Thursday January 23 2014

Pocket dictionary: Glove box

By Jude Katende

It is one of those things that curious motorists may find themselves asking about their relevance or existence in the first place. Aptly named “glove box” it was a place where one could keep their driving gloves. Some online sources say gloves were originally worn to keep the hands clean. Called, driving gloves, they were regarded as an accessory in cars made years ago, thus the name which can also be called glove compartment.

Today, many cars still have it built into the dashboard at the passenger side of the car but chances of most Ugandans knowing its exact purpose and name may be minimal. That aside, seeing that we don’t even have snow here, the compartments are still ideal storage facilities. Many motorists have different purposes for their boxes with some storing movie and music DVDs, music CDS, books, cosmetics, old newspapers, business cards etc in them.

What to keep
Although, owning your car doesn’t come with rules of what you should store in there and what not to, functional things including life savers should be given priority small as the box may be. According to, Robby DeGraff suggests one should keep all important documents like proof of insurance, automotive registration and a copy of your driver’s license in a plastic bag or held together by a paper clip.
ICE: Experts at AAA recommend keeping an ICE — in case of emergency — card with important information about you and your passengers. On that card you should list emergency contacts, physicians, any medications used or allergies for you and your passengers.

Car manual: Although some of our used cars come with Japanese manuals, it is still important to keep your manual in this because it also has diagrams that you could rely on in case of language barrier. Or if you have one in English, keep it there.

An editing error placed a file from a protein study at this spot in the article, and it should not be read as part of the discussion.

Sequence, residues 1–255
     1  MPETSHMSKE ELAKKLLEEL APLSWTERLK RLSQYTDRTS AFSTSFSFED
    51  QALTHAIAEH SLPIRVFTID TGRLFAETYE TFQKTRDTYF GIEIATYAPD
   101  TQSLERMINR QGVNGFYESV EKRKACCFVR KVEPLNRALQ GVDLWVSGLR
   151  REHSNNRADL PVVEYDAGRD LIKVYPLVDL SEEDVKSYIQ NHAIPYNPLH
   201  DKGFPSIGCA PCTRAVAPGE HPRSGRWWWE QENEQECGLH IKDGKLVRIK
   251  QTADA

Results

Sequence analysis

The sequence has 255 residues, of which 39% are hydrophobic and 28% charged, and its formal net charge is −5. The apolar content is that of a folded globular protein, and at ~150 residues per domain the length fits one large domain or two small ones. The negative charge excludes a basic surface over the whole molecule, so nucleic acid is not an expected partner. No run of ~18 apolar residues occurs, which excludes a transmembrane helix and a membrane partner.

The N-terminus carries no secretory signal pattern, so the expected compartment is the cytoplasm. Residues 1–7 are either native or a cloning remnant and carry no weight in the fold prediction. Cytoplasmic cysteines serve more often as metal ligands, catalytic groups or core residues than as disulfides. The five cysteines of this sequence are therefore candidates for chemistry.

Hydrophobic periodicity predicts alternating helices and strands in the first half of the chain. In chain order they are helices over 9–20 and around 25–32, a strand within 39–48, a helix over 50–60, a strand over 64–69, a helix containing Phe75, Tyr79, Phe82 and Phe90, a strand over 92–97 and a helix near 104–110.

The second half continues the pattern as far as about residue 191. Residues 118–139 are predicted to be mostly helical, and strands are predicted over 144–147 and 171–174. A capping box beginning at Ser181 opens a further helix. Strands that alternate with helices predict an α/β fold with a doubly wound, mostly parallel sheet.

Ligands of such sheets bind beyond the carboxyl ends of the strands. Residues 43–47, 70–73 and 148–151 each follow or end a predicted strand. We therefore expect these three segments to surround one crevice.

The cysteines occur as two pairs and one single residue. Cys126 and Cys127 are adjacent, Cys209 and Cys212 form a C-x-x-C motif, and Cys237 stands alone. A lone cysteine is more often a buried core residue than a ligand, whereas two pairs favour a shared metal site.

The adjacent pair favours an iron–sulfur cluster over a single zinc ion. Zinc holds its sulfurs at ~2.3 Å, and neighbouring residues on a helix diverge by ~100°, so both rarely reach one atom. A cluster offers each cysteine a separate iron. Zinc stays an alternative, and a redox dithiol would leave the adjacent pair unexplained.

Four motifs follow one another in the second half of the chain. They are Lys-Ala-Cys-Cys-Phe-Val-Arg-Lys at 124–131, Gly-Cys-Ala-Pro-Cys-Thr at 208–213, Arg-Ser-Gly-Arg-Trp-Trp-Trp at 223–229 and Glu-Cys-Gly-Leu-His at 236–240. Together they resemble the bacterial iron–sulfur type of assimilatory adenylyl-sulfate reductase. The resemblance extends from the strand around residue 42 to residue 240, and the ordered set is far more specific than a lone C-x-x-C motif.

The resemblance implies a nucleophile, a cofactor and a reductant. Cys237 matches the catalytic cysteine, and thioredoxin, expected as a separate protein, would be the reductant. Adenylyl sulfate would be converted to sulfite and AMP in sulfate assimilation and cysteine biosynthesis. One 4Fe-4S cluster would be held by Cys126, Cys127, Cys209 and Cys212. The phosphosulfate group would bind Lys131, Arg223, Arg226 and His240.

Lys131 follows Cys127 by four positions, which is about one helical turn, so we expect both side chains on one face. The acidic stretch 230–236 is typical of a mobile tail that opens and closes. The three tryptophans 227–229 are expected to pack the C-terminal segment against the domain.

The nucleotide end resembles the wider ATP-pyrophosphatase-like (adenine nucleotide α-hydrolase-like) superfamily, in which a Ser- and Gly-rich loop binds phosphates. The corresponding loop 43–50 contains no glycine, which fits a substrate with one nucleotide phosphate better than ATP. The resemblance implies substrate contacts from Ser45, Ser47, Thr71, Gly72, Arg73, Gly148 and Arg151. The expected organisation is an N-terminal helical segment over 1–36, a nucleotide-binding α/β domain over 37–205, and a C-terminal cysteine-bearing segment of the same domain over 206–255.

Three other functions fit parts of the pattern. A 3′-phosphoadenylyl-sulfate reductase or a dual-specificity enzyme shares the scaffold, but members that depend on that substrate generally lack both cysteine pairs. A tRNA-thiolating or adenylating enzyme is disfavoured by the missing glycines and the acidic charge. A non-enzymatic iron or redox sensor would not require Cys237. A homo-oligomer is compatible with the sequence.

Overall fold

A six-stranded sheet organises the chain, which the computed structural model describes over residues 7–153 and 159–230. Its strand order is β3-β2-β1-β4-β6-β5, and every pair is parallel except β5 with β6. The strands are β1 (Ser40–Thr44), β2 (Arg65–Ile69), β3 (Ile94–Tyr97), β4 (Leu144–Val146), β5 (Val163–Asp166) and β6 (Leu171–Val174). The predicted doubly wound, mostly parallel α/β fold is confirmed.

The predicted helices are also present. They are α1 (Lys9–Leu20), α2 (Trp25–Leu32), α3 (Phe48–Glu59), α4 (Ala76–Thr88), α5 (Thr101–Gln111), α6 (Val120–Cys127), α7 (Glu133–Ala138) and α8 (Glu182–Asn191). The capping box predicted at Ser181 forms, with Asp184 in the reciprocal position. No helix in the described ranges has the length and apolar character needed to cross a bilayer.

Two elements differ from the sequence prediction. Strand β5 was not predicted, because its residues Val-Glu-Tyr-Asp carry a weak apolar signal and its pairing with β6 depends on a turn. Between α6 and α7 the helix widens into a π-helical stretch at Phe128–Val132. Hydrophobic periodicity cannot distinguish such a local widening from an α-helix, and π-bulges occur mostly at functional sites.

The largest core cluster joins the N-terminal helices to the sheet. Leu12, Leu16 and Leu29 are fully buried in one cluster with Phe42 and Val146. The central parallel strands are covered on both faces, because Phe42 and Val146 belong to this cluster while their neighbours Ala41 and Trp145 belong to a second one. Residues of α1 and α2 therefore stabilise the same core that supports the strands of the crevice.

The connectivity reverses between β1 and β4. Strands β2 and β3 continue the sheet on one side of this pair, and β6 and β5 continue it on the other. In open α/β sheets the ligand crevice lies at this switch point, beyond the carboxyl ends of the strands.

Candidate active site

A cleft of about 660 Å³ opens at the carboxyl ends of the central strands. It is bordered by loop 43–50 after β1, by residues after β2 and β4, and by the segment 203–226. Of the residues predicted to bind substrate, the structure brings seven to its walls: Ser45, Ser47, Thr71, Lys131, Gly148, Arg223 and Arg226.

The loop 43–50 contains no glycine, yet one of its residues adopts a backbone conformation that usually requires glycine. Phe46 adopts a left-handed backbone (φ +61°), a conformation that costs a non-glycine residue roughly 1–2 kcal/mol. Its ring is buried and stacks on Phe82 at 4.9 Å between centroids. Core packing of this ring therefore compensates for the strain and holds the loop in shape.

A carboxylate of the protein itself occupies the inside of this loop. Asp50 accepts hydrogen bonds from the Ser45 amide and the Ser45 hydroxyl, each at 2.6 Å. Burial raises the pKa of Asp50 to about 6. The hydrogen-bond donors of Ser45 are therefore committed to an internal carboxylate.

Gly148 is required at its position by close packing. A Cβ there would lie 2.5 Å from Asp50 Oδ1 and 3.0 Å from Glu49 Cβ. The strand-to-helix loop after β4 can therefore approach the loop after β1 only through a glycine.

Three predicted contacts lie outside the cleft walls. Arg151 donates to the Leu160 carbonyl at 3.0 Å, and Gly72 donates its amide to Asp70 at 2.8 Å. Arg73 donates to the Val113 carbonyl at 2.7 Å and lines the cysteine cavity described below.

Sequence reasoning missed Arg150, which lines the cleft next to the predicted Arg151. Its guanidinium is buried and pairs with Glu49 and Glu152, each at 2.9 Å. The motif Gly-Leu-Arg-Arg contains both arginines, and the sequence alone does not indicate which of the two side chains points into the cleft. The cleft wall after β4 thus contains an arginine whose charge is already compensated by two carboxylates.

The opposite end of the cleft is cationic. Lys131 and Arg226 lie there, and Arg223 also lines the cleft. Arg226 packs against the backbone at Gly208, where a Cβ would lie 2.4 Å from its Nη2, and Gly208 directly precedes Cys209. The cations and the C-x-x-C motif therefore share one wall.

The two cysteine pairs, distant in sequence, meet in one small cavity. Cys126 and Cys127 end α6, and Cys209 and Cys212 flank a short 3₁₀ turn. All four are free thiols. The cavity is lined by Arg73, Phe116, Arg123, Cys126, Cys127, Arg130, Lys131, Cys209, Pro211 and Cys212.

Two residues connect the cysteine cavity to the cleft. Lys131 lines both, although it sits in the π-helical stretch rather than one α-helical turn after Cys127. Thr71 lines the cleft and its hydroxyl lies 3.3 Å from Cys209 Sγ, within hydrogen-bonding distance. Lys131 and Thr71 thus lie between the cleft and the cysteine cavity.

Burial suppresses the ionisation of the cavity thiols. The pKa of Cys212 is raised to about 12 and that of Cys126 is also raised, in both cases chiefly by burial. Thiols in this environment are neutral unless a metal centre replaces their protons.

Torch: You may never know when you will be stranded and worse still at night. A torch is handy and should have working batteries/dry cells.

First aid kit: Some cars have first aid boxes while some people buy them separately. If your kit is small enough and can fit in your box, keep it there for your own safety. It should contain adhesive bandages, tissues or cotton, a pain reliever like aspirin and backup prescription medicine. You could put the ICE card in there, too.

Phone charger: A cellphone is one of the most important items you should have with you in a car in case of an emergency. There are actually some chargers that can work in the car.
Receipts: Service history receipts of your car come in handy when selling off the car or proving ownership. These and the photocopy of your car log book should be kept in here safely in an orderly way.
Tools: Some people may include tools such as pliers, cello tape and screws.